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I am working on the irreducible polynomial $x^5-Npx+p=0$ where $p$ is a prime and $N\in\mathbb Z_+$. I need to calculate the discriminant of this to determine its Galois group, background here by Conrad, here by Yuan who explains facts about Galois groups of irreducible quintics and a specific discriminant question here. The general formula for Discriminant by Wikipedia is

$$\triangle=a_n^{2n-2}\prod_{i<j}(r_i-r_j)^2$$

where $a_n$ is the leading coefficient and $r_i,\ldots,r_n$ are the roots. In the example, $a_5=1,a_1=-Np,a_0=p$ and otherwise $a_i=0$. For roots

$$x(x^4-Np)=-p$$

where I don't understand yet how to solve $x$ so unable to get the discrimiant. So

How to calculate the discriminant of an irreducible quintic?

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There is no need to calculate the discriminant to find this Galois group if $N \geq 2$. Let $f(x) = x^5 - Npx + p$ with $N \geq 2$ and let $G$ be the Galois group of $f(x)$. We have \begin{equation*} \begin{aligned} f(-Np) &= -N^5p^5 + N^2p^2 + p < 0\\ f(0) &= p > 0 \\ f(1) &= 1 + p - Np < 0. \end{aligned} \end{equation*} Since $f(x)$ has two sign changes, it must have at least two real roots. Since the derivative $f'(x) = 5x^4 - Np$ has only two real roots, it follows that $f(x)$ cannot have all real roots. But the nonreal roots come in conjugate pairs, and so $f(x)$ must have three real roots and two nonreal roots. Therefore the transposition which interchanges the two nonreal roots is in $G$, hence $G$ is isomorphic to $S_5$.

If $N = 1$ then it depends on how large $p$ is. You can show that if $p \geq 13$ then there are three real roots, and then again $G$ is isomorphic to $S_5$. Now if $p < 13$, you can check by graphing that there is only one real root and then $G$ contains a $5$-cycle and a double transposition and is thus isomorphic to either $A_5$ or $D_5$.

Returning to the question about the discriminant, let $f(x) = x^5 + ax + b$ be an irreducible quintic. Let $\alpha_1,\ldots,\alpha_5$ be the complex roots of $f(x)$. Then $f(x) = (x - \alpha_1)\cdots(x - \alpha_5)$, and so taking the derivative with the product rule gives $$f'(x) = \sum_{i=1}^{5}\prod_{\substack{1 \leq j \leq 5\\ i\neq j}}(x - \alpha_j),$$ hence $$f'(\alpha_i) = \prod_{\substack{1 \leq i,j \leq 5\\ i\neq j}}(\alpha_i - \alpha_j)$$ You can check that $\Delta = \prod_{i=1}^{5}f'(\alpha_i)$. We also have $f'(x) = 5x^4 + a$, hence $f'(\alpha_i) = 5\alpha_i^4 + a$. Therefore $$\Delta = \prod_{i=1}^{5}(5\alpha_i^4 + a).$$ Expanding the above product out gives a formula for $\Delta$ in terms of the elementary symmetric polynomials in $\alpha_1^4,\ldots,\alpha_5^4$. Reexpressing these in terms of the elementary symmetric polynomials in $\alpha_1,\ldots,\alpha_5$ thus gives a formula for $\Delta$ in terms of the coefficients of $f(x)$.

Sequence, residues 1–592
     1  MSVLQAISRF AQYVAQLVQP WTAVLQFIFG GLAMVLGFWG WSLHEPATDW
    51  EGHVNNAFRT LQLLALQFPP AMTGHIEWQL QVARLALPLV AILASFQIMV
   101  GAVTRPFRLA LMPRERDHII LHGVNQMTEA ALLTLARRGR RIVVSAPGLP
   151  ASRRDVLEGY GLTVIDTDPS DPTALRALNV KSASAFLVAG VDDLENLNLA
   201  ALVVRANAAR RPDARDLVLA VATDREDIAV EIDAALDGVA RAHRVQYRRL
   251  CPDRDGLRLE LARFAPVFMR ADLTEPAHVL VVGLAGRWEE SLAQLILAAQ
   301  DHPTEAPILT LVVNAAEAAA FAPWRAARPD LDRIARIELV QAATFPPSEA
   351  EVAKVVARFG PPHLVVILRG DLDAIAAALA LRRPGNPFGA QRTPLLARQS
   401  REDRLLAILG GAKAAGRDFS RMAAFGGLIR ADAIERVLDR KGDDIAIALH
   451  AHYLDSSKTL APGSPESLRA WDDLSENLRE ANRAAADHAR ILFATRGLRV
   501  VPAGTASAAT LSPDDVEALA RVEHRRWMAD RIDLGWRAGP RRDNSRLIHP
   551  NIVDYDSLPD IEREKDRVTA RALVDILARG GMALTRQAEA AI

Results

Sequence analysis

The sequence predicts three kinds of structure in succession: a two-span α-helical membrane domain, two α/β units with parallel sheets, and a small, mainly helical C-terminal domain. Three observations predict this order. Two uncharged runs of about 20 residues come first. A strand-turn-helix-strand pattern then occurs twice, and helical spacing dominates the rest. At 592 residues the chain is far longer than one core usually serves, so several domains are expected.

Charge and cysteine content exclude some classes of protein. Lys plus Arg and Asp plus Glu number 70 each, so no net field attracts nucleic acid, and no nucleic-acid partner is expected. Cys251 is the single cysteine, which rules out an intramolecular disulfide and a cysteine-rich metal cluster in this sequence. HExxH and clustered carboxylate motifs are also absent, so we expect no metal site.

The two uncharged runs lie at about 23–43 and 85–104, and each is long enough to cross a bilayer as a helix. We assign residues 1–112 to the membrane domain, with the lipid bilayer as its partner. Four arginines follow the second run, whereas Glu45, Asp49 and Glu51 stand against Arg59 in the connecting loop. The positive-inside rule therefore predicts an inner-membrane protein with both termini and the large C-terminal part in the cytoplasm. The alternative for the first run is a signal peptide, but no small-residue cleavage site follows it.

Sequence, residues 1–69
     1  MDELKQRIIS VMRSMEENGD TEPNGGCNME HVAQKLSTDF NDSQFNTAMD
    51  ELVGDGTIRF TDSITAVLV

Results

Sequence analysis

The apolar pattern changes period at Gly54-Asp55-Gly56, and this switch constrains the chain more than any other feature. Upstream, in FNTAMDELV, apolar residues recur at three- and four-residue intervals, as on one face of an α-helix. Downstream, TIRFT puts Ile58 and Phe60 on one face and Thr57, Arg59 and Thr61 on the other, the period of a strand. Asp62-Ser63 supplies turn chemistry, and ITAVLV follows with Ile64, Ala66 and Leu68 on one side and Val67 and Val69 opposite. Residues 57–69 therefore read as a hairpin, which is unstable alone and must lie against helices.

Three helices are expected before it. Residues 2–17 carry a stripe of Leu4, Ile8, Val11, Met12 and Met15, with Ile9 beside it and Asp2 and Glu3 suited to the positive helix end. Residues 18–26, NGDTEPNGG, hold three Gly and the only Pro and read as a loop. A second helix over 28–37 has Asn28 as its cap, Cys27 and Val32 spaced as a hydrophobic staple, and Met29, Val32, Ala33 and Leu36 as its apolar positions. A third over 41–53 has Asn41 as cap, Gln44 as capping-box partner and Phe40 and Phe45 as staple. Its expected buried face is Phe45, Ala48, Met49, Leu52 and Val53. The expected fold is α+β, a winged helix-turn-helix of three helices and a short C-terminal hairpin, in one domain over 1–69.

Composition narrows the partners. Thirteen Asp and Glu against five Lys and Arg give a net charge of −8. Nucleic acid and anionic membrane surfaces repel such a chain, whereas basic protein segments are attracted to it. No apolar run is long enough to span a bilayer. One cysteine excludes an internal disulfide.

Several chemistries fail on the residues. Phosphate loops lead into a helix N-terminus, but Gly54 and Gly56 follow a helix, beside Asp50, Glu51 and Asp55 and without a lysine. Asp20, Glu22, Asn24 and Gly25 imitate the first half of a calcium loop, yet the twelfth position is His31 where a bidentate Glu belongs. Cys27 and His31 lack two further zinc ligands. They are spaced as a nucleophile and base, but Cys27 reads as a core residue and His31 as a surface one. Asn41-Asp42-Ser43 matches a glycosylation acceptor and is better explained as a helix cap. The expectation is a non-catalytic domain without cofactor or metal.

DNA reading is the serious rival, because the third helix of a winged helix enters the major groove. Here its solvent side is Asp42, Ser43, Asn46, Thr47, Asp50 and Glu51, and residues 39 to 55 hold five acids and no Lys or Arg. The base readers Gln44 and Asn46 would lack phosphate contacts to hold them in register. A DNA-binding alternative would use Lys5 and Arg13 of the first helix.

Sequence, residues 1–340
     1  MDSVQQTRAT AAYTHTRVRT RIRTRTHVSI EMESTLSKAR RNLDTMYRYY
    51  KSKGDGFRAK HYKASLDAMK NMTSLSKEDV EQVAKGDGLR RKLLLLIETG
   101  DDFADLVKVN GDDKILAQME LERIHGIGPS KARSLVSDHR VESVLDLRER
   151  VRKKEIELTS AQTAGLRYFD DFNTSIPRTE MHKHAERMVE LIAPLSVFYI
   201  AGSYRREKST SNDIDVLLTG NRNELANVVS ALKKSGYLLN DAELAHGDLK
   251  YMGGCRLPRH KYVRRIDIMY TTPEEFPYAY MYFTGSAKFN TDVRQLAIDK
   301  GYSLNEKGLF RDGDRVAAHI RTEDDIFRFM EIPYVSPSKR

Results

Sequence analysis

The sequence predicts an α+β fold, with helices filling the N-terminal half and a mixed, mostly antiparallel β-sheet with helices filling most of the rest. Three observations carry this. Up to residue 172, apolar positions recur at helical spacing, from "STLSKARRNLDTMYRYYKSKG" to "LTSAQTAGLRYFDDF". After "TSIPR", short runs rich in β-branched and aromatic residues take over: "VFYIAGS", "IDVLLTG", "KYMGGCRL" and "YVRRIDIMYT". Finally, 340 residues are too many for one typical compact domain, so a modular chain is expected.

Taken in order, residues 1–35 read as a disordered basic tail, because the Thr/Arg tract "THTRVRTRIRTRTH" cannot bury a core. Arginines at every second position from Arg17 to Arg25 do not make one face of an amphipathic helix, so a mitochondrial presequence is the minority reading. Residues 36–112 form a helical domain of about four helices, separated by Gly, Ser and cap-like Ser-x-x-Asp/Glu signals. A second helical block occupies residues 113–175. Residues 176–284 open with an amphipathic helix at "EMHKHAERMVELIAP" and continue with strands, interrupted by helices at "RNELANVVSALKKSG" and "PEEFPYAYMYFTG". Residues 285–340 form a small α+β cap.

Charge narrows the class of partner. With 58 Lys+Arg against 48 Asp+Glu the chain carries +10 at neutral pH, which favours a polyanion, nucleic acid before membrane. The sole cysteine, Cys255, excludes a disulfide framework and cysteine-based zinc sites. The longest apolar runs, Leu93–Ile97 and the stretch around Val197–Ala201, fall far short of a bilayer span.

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  • $\begingroup$ Wow, awesome answer +1. Thank you. $\endgroup$ – hhh Apr 10 '16 at 19:19
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Just for reference: the discriminant of your polynomial is $$3125 p^4-256 N^5 p^5.$$ I computed it using Mathematica. For comparison, the discriminant of the general monic polynomial $x^5+a x^4+b x^3+c x^2+d x+e$ is $$256 a^5 e^3-192 a^4 b d e^2-128 a^4 c^2 e^2+144 a^4 c d^2 e-27 a^4 d^4+144 a^3 b^2 c e^2-6 a^3 b^2 d^2 e-80 a^3 b c^2 d e+18 a^3 b c d^3-1600 a^3 b e^3+16 a^3 c^4 e-4 a^3 c^3 d^2+160 a^3 c d e^2-36 a^3 d^3 e-27 a^2 b^4 e^2+18 a^2 b^3 c d e-4 a^2 b^3 d^3-4 a^2 b^2 c^3 e+a^2 b^2 c^2 d^2+1020 a^2 b^2 d e^2+560 a^2 b c^2 e^2-746 a^2 b c d^2 e+144 a^2 b d^4+24 a^2 c^3 d e-6 a^2 c^2 d^3+2000 a^2 c e^3-50 a^2 d^2 e^2-630 a b^3 c e^2+24 a b^3 d^2 e+356 a b^2 c^2 d e-80 a b^2 c d^3+2250 a b^2 e^3-72 a b c^4 e+18 a b c^3 d^2-2050 a b c d e^2+160 a b d^3 e-900 a c^3 e^2+1020 a c^2 d^2 e-192 a c d^4-2500 a d e^3+108 b^5 e^2-72 b^4 c d e+16 b^4 d^3+16 b^3 c^3 e-4 b^3 c^2 d^2-900 b^3 d e^2+825 b^2 c^2 e^2+560 b^2 c d^2 e-128 b^2 d^4-630 b c^3 d e+144 b c^2 d^3-3750 b c e^3+2000 b d^2 e^2+108 c^5 e-27 c^4 d^2+2250 c^2 d e^2-1600 c d^3 e+256 d^5+3125 e^4,$$

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  • $\begingroup$ Can you add the command to compute the discriminant in Mathematica, nice to know that it exists +1 :) $\endgroup$ – hhh Apr 10 '16 at 18:59
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    $\begingroup$ The name of the function which does this is, unsurprisingly, Discriminant. $\endgroup$ – Mariano Suárez-Álvarez Apr 10 '16 at 19:00

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